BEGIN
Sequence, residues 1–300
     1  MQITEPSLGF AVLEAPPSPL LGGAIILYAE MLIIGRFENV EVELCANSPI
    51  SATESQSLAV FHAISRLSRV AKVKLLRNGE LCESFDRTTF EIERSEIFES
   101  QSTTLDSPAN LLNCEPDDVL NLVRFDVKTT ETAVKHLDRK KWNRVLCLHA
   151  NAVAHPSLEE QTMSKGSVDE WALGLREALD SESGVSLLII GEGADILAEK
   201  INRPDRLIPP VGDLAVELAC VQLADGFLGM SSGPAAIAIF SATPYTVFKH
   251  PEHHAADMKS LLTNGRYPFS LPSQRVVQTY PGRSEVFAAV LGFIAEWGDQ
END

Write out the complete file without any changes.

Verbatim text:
Sequence, residues 1–300
     1  MQITEPSLGF AVLEAPPSPL LGGAIILYAE MLIIGRFENV EVELCANSPI
    51  SATESQSLAV FHAISRLSRV AKVKLLRNGE LCESFDRTTF EIERSEIFES
   101  QSTTLDSPAN LLNCEPDDVL NLVRFDVKTT ETAVKHLDRK KWNRVLCLHA
   151  NAVAHPSLEE QTMSKGSVDE WALGLREALD SESGVSLLII GEGADILAEK
   201  INRPDRLIPP VGDLAVELAC VQLADGFLGM SSGPAAIAIF SATPYTVFKH
   251  PEHHAADMKS LLTNGRYPFS LPSQRVVQTY PGRSEVFAAV LGFIAEWGDQ